Nicholas Sawyer

Portarait of Prof. Nicholas Sawyer

Assistant Professor
Bioorganic Chemistry/Chemical Biology

Email: [email protected]
Office: JMH 638
Lab: JMH 633/640
Phone: 718-817-4461

    • Assistant Professor at Fordham University
    • NIH NRSA Postdoctoral Fellow at New York University
    • Ph.D. in Molecular Biophysics and Biochemistry from Yale University
    • B.Sc. in Biochemistry from Rutgers University
  • Research in my group aims to synthesize and evaluate molecules to modulate the function of protein-protein interactions involved in human health and disease. In particular, we focus on molecules that imitate interacting protein surfaces, especially peptides. Such molecules have utility as both probes for understanding essential biochemical processes and for innovation in drug development.

    Protein-protein interactions (PPIs) are fundamental to biochemical signaling networks that allow cells to communicate and adapt to an ever-changing environment. On a protein’s surface, the functional groups and their relative orientation ultimately determine how strongly and specifically each protein binds to its partner protein(s) through the formation of many weak non-covalent interactions. Some functional groups contribute disproportionately to PPIs and are thus considered "hot spots."

    A central hypothesis in my research is that molecules that reproduce the hot spots of one interacting protein surface in a PPI can competitively inhibit that protein’s interactions with one or more of its partners. To examine this hypothesis, we design, synthesize, and evaluate peptides that adopt well-defined structures that mimic specific protein surfaces.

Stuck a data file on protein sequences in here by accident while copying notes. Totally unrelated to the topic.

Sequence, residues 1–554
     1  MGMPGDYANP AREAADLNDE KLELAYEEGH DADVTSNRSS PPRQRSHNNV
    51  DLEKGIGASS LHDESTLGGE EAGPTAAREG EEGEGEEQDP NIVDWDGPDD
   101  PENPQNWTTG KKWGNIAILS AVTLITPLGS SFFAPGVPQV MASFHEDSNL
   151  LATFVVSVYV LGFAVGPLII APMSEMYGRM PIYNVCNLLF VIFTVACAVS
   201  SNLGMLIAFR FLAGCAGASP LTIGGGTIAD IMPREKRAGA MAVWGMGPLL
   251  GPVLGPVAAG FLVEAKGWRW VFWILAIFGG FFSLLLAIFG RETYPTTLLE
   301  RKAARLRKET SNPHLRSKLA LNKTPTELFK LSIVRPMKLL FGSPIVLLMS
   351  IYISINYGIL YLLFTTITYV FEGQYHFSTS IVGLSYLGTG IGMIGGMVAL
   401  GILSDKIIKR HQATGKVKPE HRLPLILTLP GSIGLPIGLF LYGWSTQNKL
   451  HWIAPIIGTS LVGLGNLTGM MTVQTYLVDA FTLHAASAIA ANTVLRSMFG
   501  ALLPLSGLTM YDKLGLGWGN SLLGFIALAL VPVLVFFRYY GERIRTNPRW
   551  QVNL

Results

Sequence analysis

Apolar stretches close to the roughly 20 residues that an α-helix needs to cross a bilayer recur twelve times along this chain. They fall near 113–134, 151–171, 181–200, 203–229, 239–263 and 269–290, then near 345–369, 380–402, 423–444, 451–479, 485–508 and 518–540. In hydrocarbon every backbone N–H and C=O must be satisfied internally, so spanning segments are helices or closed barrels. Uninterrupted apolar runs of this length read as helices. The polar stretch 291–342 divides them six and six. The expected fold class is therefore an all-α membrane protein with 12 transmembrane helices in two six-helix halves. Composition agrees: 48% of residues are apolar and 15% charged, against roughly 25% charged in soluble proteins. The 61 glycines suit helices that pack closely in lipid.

Specific research areas include 1) divergent synthesis of peptides with multiple, well-defined structures to delineate the effects of sequence and structure on peptide cell permeability, 2) stabilization of peptide polyproline II helices for PPI targeting, and 3) novel solid-phase and hybrid approaches to incorporate non-natural amino acids into peptides.


    Representation of peptide chains either dimerized or folded.
    Protein and peptide showing stabilized receptor interactions with bridging unit.


  • Please see Google Scholar for a complete list of publications.

    Sawyer, N., Arora, P.S. Hydrogen Bond Surrogate Stabilization of β-Hairpins. ACS Chem. Biol.201813, 2027.

    Sawyer, N., Gassaway, B.M., Haimovich, A.D., Isaacs, F.J., Rinehart, J., Regan, L. Designed phosphoprotein recognition in Escherichia coli. ACS Chem. Biol.20149, 2502.

    Chen, J., Sawyer, N., Regan, L. Protein-protein interactions: general trends in the relationship between binding affinity and interfacial buried surface area. Protein Sci.201322, 510.